TALLAHASSEE (CBSMiami/NSF) – Increased pay to retain members of the Florida Highway Patrol is a top legislative priority of the state Department of Highway Safety and Motor Vehicles.
Pace Callaway, a research economist with the department, told members of the Senate Transportation, Tourism and Economic Development Appropriations Subcommittee this week that a $24.4 million funding request for next year is intended to make pay for state troopers more competitive with local law-enforcement agencies across the state.READ MORE: CBS4 Investigates: Man Accused Of Killing Ryan Rogers Could Have Faced Two Decades In Prison For Prior Crime
“Right now, all of their pay raises are based on the Legislature, and we have been lucky enough to get pay raises over the past few years,” Callaway said.
“But one thing that we continually hear about is, ‘Where are we going to be in 10 years, 15 years.’ And that’s something that we can;t offer that most local (police departments) and sheriffs can.”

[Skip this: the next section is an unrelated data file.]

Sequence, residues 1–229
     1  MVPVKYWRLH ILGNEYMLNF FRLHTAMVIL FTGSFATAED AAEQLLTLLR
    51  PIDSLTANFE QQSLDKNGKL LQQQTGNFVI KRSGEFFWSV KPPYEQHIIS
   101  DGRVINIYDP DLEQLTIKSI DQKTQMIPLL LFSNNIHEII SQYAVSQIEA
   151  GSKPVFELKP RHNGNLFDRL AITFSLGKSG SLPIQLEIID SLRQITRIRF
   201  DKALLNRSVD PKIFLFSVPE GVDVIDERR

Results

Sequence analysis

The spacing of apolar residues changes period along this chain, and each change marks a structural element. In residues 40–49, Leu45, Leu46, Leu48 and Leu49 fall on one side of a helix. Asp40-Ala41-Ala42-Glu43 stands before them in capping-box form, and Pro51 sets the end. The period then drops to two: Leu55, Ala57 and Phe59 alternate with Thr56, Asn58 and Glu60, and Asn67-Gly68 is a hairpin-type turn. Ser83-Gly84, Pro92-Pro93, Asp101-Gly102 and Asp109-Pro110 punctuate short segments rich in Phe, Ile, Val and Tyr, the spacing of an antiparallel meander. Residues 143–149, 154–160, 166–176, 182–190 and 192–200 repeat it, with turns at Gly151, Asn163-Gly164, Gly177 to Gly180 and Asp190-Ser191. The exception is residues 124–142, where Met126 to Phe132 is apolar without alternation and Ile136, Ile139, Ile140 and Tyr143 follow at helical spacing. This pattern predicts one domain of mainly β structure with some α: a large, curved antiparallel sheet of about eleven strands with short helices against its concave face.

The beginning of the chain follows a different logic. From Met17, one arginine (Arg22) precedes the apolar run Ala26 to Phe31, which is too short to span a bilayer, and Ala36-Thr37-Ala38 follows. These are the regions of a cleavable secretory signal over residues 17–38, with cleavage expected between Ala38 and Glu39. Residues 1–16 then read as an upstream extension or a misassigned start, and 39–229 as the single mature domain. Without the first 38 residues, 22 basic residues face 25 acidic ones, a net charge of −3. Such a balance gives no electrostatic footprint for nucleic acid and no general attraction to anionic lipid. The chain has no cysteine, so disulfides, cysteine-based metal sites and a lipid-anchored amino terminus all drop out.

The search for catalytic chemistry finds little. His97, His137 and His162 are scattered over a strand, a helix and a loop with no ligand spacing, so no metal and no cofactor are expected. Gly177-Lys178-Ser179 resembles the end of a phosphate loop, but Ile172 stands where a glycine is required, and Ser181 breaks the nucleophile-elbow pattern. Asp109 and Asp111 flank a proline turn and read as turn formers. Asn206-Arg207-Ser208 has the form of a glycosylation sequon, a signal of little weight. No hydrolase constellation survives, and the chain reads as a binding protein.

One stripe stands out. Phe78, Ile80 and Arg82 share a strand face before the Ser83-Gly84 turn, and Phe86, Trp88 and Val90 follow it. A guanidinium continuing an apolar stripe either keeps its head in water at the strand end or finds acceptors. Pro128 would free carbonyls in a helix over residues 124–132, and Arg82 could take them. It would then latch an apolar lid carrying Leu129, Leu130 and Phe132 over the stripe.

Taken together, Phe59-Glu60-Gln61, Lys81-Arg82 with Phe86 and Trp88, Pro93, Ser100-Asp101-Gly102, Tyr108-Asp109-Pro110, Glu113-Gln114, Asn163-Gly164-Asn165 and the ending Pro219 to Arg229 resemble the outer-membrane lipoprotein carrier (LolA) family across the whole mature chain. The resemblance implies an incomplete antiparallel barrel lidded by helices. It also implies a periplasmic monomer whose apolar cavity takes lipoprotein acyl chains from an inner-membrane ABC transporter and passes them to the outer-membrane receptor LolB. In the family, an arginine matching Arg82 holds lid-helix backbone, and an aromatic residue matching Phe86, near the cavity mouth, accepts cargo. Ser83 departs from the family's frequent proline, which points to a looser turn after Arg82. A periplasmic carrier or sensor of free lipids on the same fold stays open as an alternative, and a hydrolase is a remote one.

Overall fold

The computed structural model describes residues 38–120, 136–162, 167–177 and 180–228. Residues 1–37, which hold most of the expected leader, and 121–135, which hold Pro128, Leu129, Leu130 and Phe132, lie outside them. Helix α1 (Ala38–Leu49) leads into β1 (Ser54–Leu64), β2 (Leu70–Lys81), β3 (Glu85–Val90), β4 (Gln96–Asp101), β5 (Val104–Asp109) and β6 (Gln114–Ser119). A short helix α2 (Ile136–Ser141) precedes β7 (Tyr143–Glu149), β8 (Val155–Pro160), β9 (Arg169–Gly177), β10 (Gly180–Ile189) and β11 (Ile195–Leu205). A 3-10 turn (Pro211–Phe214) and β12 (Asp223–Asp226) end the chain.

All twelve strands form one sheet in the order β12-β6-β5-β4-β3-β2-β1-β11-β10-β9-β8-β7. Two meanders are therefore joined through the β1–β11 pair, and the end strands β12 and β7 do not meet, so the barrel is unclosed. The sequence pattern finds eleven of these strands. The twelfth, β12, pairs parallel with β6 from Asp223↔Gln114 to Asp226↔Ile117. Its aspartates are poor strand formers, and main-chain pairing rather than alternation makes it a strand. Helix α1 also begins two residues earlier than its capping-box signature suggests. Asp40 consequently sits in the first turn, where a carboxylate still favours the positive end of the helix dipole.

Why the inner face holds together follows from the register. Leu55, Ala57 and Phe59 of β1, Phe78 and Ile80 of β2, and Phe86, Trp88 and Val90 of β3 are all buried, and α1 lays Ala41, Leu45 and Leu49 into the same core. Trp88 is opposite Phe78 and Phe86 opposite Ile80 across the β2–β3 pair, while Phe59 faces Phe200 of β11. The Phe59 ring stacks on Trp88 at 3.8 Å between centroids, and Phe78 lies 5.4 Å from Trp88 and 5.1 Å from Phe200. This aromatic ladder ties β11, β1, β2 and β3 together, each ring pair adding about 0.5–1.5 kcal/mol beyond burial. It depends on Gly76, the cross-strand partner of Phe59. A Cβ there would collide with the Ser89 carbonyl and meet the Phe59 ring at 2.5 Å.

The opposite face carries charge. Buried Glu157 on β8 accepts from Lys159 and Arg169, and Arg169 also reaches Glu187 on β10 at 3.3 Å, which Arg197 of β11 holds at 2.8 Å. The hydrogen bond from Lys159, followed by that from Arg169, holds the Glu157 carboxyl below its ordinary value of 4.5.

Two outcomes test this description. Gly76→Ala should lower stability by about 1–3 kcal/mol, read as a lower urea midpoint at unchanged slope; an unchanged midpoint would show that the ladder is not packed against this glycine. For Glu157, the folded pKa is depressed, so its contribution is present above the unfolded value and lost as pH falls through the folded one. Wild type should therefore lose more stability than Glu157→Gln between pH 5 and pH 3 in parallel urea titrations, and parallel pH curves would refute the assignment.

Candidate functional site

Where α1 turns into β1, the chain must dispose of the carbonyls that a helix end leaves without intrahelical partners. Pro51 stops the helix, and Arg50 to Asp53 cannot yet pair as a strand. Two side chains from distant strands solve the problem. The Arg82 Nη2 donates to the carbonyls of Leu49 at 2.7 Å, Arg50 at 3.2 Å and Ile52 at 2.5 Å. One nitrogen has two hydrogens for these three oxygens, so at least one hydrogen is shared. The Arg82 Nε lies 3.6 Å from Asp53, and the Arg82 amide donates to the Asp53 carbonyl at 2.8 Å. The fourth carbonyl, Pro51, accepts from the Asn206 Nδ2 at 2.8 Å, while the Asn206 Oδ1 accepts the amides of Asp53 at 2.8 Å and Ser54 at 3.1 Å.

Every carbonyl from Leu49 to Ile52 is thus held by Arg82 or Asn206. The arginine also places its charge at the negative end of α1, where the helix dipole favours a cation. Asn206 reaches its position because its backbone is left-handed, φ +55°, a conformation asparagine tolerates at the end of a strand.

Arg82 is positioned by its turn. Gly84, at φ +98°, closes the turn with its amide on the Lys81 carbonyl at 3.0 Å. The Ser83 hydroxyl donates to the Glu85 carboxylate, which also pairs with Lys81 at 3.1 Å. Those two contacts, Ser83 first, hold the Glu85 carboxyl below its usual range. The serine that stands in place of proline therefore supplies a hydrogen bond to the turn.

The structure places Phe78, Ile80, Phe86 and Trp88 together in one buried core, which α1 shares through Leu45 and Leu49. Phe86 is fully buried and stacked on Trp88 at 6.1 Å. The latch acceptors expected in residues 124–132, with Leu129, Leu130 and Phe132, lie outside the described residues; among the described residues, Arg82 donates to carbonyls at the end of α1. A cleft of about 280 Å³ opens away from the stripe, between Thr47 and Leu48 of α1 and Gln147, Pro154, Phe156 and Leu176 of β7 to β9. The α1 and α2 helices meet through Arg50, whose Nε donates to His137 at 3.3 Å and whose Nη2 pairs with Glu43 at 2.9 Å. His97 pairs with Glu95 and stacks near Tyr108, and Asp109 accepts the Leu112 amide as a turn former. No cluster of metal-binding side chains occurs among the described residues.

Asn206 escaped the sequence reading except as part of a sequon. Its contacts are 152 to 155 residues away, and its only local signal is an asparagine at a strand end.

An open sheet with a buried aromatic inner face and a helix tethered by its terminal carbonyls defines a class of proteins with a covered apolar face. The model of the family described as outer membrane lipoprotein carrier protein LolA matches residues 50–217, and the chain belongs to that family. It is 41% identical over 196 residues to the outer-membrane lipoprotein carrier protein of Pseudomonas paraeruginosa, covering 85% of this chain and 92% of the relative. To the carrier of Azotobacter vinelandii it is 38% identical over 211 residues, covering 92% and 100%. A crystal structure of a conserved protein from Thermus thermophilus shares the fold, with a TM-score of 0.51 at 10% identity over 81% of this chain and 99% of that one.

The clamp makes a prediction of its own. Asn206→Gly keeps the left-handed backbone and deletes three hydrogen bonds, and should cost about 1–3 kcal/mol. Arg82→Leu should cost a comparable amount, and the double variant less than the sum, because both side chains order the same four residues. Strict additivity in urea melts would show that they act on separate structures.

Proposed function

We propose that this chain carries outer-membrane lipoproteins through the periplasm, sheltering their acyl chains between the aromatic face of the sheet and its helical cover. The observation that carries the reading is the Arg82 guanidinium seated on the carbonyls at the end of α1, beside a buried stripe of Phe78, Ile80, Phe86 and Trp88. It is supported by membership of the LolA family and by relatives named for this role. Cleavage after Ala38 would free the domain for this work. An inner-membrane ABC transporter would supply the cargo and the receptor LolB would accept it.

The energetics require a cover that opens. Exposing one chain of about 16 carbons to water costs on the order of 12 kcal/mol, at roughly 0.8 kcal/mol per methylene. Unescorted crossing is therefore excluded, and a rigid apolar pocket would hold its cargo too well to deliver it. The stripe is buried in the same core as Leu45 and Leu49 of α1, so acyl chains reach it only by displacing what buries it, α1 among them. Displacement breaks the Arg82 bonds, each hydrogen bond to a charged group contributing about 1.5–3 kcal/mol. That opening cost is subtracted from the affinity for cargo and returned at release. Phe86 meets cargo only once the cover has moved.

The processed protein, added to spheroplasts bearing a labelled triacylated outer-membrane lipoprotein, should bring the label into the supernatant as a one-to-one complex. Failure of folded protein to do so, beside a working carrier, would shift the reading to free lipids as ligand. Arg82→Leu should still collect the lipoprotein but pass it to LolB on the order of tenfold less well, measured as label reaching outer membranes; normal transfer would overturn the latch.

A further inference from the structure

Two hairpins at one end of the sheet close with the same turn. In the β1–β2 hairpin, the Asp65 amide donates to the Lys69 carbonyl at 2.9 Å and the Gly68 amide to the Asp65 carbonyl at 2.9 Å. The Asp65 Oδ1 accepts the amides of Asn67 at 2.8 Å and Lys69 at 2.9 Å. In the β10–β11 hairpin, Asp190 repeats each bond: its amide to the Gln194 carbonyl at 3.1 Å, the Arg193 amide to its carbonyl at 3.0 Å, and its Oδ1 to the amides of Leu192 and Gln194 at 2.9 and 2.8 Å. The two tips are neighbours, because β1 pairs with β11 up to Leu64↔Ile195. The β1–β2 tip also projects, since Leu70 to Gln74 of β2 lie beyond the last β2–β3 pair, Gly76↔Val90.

Callaway said the number of vacancies at the department has grown from 198 in August to 238, “and most of the time it’s due to a lack of pay.”READ MORE: Glenneisha Darkins Perseveres During Art Week Despite Challenges
The current average pay for a state trooper is about $45,000, while the average pay for troopers in all states is about $53,000, Callaway said.
Lawmakers will piece together a 2022-2023 fiscal year budget during the legislative session that will start Jan. 11. Sen. Ed Hooper, R-Clearwater, said lawmakers will need to determine a “living wage” for state troopers.
“It’s interesting that a Delaware state trooper — which Delaware is about the size of Polk County in this state — they start at $63,000. And it just keeps getting worse every state you look at,” Hooper said.
“So, the day to pay the fiddler may be here if we’re going to keep a highway patrol and not be the training grounds for the sheriffs and the local police agencies.”MORE NEWS: New Warning For Parents Regarding Omicron COVID-19 Variant
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